Doing the Work

By Manya S.September 21, 2015

Today my therapy homework is to write an email. Emails are great: I like to think of them as more formal, thought-out text messages, except less stressful (because you don’t expect a response immediately). The problem with this email is what I have to write in it.

I’ve spent the last two weeks trying to get every adult on my care team to tell me I don’t need to write this email. I want them to tell me I’ll feel well enough in a few weeks to work my summer job. I want people to tell me I’ll feel better soon, even though I know that I won’t.

Writing this email would mean etching this stage of my life into history. This will always be the summer I didn’t work because of my depression. It was probably silly for me to hope that if I kept my secret in a small enough circle and worked hard at getting better I would just be able to forget about this part of my life. Because when I do get better, this will be the part of my life that I might want to hold back.

But not wanting to write this email is about more than wanting to forget about my depression. Writing this email today means acknowledging to other people in my life that I’m not well. It is throwing away a mask I cannot easily put on again. This isn’t a pretty mask, like the one I will wear to my masquerade prom in June. This is an ugly mask that I hate to look at. It is such a tight fit that I am constantly in pain. I want nothing more than to burn this mask (preferably in a dramatic fashion – maybe on a beach with “Picture to Burn” playing in the background). It’s been so long since I’ve seen my own face that I’m scared of what I’ll see when I look in the mirror. I’m scared of how others will see me. I’m worried the sight of my face will crumble the image of me that they’ve known for so long. I’m scared that throwing away this mask will burn bridges I assumed would always be there.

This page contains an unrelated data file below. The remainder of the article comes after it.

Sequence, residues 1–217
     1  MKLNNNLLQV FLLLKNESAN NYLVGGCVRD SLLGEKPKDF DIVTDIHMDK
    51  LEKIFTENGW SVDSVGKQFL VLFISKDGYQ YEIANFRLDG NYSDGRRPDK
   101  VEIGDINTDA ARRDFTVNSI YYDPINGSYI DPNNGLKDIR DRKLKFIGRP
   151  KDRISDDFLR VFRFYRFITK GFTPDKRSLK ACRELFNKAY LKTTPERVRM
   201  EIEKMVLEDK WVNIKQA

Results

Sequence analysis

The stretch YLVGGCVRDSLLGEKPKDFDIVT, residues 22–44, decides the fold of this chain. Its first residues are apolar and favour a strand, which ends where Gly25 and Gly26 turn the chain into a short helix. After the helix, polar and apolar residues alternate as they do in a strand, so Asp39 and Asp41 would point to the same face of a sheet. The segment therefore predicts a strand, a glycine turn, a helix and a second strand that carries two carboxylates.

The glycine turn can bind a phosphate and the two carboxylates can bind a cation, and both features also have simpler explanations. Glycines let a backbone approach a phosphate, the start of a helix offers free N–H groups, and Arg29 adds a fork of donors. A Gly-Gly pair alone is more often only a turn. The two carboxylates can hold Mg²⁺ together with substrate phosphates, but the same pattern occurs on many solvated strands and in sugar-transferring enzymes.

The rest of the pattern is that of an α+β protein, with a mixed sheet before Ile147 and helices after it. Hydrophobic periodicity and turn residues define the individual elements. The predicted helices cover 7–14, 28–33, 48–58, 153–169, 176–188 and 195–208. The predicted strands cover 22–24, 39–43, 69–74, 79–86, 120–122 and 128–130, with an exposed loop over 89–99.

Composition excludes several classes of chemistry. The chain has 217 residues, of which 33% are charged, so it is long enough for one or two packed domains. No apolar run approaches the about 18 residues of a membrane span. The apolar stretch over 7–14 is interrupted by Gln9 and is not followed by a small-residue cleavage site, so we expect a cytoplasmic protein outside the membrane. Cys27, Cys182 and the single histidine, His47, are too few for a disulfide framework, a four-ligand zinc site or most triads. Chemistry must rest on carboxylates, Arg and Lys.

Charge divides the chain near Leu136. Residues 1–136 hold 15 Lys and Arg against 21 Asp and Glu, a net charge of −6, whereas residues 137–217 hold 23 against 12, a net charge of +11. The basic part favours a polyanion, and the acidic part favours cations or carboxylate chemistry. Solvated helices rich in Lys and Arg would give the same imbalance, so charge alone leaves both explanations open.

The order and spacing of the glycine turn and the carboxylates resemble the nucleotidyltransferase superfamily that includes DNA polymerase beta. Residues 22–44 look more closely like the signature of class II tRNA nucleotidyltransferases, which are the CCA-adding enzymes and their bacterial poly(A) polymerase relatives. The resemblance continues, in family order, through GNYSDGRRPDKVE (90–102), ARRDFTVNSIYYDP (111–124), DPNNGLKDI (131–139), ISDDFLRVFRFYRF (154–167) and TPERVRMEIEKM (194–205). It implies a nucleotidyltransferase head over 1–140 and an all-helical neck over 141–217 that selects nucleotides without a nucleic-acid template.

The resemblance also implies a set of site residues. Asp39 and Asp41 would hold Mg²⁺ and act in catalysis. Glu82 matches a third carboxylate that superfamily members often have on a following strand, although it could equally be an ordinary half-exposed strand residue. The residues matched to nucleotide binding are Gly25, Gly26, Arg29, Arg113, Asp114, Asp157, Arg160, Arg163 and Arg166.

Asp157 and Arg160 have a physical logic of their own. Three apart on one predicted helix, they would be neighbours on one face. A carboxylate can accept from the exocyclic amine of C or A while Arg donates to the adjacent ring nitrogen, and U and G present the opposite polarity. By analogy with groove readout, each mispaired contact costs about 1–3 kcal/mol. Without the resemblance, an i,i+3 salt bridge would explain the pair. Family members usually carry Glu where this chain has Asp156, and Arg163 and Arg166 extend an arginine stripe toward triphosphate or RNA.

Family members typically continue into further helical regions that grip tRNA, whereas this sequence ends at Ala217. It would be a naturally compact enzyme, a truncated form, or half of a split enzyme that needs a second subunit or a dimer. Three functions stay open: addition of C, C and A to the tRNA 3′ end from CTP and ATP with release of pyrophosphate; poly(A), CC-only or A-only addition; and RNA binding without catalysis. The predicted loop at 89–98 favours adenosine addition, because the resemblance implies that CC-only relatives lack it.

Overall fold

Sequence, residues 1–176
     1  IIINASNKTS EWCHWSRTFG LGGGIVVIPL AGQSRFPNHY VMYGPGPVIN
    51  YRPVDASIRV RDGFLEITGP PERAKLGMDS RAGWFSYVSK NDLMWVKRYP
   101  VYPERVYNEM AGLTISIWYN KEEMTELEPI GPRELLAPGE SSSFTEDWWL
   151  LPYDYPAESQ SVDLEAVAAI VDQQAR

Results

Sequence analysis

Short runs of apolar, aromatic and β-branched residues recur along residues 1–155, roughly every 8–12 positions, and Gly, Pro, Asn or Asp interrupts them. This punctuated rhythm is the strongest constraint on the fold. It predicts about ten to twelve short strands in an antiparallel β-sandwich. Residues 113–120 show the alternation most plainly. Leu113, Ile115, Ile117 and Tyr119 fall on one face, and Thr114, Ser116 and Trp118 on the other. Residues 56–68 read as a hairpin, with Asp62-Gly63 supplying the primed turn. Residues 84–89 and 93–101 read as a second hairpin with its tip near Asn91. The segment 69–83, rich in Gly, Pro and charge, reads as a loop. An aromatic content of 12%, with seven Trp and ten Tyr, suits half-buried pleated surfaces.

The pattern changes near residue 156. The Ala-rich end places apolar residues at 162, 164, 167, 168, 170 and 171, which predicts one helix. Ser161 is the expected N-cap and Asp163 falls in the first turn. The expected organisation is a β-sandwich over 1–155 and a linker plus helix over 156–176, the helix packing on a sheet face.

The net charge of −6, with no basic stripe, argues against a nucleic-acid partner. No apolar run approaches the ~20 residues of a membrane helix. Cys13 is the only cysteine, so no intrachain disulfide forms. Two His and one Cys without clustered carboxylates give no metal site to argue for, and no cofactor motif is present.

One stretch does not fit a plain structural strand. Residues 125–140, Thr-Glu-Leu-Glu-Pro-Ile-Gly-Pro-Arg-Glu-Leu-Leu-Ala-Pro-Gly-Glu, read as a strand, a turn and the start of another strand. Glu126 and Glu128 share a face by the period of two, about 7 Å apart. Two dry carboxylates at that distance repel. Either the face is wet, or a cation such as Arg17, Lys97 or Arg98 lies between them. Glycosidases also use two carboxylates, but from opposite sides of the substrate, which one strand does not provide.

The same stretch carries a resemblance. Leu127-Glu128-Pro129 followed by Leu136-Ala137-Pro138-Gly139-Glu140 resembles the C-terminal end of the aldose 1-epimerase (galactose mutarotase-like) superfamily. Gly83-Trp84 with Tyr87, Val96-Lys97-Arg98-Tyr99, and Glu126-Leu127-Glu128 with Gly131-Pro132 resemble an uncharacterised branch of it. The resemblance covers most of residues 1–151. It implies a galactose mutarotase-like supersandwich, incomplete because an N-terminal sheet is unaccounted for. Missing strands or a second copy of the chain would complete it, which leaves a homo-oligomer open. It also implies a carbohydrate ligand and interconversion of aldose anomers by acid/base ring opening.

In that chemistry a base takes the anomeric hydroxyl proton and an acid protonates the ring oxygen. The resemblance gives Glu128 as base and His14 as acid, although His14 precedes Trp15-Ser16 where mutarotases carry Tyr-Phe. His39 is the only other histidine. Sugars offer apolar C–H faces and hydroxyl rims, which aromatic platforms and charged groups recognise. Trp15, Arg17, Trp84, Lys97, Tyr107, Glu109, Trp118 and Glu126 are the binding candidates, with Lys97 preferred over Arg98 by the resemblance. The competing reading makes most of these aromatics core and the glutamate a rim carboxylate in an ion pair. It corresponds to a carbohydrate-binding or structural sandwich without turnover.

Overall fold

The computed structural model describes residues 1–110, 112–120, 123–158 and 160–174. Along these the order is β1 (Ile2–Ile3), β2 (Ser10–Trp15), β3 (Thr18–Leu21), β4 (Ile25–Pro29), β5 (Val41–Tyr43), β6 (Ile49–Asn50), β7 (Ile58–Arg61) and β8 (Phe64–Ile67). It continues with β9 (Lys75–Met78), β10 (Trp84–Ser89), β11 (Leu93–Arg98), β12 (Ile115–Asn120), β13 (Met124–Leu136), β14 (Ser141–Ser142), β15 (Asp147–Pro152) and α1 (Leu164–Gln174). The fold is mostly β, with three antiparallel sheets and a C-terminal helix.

I know this mask is more transparent than I’d like, and I know I have a lot of hard work to do.

But I also know that the people who love me already know how I look and who I am. And I know that it’s OK for the people in my life to know that I am hurting. It’s OK that this is who I am and that this is what I’m struggling with right now.

I know that my medication is going to start working soon. I know that my first thought in the morning will soon be of the sunshine and not a wish that I was still asleep.

The narrative is the hardest part. I’m sick, I say. I need to put myself first. I need my time to be focused on treatment. I can’t help but say “Sorry!” even though I do not want to apologize for my mental illness.

I do not want to call my sickness by its name: depression. Mom tells me that this is how it should be in a professional email. It makes me feel like I’m hiding behind my mask again, but I accept it. I will not always live behind this mask.

In a long period of time of doing difficult things, hitting send is one of the most difficult things.


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Comments (18)

  1. Leonie

    Well said. I deal with kind of the same problem for a while.
    I’m battling the pain which is running around in my head to do as much hurt as it could. Unfortunately, it is doing his job very well.
    But it will get over and it’ll finish someday. Hopefully soon :). At least there is a lot of progress!

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  2. Donna Hill

    bless you your very brave im the same i never call my mental illness what it is and i never talk about too as i feel the world will judge and scare people away

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  3. Aly